News Release

Spanish-language vaccine resources harder to access, while Hispanic vaccination rates remain below overall average, study finds

Peer-Reviewed Publication

University of Chicago Medical Center

Many have been surprised by the slower-than-expected uptake of the safe and effective COVID-19 vaccines by U.S. adults. While politics and misinformation contribute, particularly in some populations, language barriers to information and vaccine scheduling tools may also play a role.

In a study published January 21, 2022, in Journal of General Internal Medicine, researchers from the University of Chicago Medicine examined Hispanic vaccination rates in the 10 most populous cities in the U.S., alongside an assessment of the availability of Spanish language COVID-19 vaccine resources in those regions. They found that the majority of the eight “big box” retailers they assessed did not have their main COVID-19 vaccine information page available in Spanish, and half did not offer vaccine scheduling in Spanish. Concurrently in the same cities, the Hispanic vaccination rates ranged from 29% to 49%, in comparison to 64% for the overall U.S. population.

“We know that the pandemic has hit Latinx communities disproportionately,” said co-author Diana Marino-Nunez, a second year student at the University of Chicago Pritzker School of Medicine. “What would you do if you were Spanish speaking and wanted access to a vaccine? We found that it’s not straightforward – there are multiple pages, multiple links you have to go through, where there are inconsistencies in language access. When we think about these public health issues of access, information distribution, and resources – we rely on these big retailers, but many of them don’t even have information available in Spanish. How can we change these things so they don’t perpetuate the health disparities that we see in our communities?”

The researchers pointed out that Hispanic populations often already face other forms of inequity, such as fewer internet and technology resources, and more clicks may present additional barriers to accessing critical information needed for getting a vaccination – particularly if the Spanish language information is only accessible via English language websites.

“When we roll out policies, we need to think about health equity,” said senior author Arshiya Baig, MD, MPH, Associate Professor of Medicine at UChicago Medicine. “It has to be part of the way that we provide access to testing, to vaccines, to care and follow up — and now, how we’re providing at-home tests. Who are we excluding, and who are we including? By providing only four at-home tests per household, does this neglect the need of multigenerational homes? There may be some thought paid to equity when rolling out these policies but there is still a lot of inequity, even if it’s unintentional.”

The researchers recommend that retailers increase the visibility of Spanish language resources on their websites, placing links to vaccine registration front and center. They say incorporating non-English resources into the planning and execution of public health strategies is critical for encouraging eligible individuals to register for and receive their vaccines.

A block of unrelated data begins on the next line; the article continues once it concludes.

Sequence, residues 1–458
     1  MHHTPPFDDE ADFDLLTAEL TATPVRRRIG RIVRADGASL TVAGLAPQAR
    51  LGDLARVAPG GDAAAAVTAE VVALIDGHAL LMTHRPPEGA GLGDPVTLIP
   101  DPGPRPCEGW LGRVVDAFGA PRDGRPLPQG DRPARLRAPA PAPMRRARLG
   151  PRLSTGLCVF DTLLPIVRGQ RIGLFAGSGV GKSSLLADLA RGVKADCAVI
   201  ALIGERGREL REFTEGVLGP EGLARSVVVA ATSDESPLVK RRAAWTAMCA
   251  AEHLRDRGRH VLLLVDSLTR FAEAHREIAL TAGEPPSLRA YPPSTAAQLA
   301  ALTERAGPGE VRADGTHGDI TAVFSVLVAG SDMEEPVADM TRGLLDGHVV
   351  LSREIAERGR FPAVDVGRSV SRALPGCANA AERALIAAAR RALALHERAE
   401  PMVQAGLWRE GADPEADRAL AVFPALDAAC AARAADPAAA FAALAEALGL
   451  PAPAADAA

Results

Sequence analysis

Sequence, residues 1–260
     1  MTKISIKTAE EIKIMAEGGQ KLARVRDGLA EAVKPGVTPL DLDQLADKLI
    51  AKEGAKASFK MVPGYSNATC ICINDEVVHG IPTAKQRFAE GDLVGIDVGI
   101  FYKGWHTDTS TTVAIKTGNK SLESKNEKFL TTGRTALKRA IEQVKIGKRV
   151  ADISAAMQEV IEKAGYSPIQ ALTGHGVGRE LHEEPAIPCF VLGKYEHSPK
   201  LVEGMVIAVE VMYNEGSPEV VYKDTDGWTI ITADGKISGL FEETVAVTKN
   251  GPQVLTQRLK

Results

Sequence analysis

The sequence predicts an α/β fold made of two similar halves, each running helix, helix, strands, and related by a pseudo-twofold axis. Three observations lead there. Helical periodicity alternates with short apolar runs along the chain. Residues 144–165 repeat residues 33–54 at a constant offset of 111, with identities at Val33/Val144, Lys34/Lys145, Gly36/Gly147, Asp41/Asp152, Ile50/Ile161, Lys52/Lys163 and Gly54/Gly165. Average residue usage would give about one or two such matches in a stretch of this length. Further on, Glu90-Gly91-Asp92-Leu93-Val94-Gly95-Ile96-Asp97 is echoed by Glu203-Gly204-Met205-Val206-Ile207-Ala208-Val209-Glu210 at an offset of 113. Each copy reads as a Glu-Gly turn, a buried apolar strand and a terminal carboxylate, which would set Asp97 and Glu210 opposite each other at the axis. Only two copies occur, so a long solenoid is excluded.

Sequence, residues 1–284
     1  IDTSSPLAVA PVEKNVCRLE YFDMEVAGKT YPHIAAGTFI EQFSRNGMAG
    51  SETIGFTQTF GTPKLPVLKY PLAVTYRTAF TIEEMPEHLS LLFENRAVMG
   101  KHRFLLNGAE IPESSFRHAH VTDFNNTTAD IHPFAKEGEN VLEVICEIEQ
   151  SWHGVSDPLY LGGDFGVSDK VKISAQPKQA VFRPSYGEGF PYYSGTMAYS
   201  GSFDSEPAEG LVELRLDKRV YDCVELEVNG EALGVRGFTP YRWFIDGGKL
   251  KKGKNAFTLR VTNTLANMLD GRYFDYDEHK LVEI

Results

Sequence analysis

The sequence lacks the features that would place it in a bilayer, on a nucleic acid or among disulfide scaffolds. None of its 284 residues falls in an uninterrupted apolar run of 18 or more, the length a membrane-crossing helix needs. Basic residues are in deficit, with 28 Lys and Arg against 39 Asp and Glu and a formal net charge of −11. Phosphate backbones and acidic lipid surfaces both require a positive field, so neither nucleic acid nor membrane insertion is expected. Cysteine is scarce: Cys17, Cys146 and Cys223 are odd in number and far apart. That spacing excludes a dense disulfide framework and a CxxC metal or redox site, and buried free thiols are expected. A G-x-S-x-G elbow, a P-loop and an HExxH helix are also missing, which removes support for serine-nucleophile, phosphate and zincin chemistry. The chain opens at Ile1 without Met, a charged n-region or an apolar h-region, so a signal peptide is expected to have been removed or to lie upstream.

“Imagine navigating these resources, not as someone who is a member of the English-speaking community who is very tech literate, but rather as someone whose primary language is not English who may not know much about computers and the internet,” said Marino-Nunez. “We need resources that are very visible and very clear, and not hidden behind English language pages. There needs to be consideration for non-English speakers not as an exception, an alternative, or an afterthought, but rather part of the main audience for these resources.”

The study, “Spanish Language Access to COVID-19 Vaccination Information and Registration in the 10 Most Populous Cities in the U.S.,” included the additional authors Maria Paz and Vineet Arora of the University of Chicago.



About the University of Chicago Medicine & Biological Sciences

The University of Chicago Medicine, with a history dating back to 1927, is one of the nation’s leading academic health systems. It unites the missions of the University of Chicago Medical Center, Pritzker School of Medicine and the Biological Sciences Division. Twelve Nobel Prize winners in physiology or medicine have been affiliated with the University of Chicago Medicine. Its main Hyde Park campus is home to the Center for Care and Discovery, Bernard Mitchell Hospital, Comer Children’s Hospital and the Duchossois Center for Advanced Medicine. It also has ambulatory facilities in Orland Park, South Loop, Homewood and River East as well as affiliations and partnerships that create a regional network of care. UChicago Medicine offers a full range of specialty-care services for adults and children through more than 40 institutes and centers including an NCI-designated Comprehensive Cancer Center. Together with Harvey-based Ingalls Memorial, UChicago Medicine has 1,296 licensed beds, nearly 1,300 attending physicians, over 2,800 nurses and about 970 residents and fellows.

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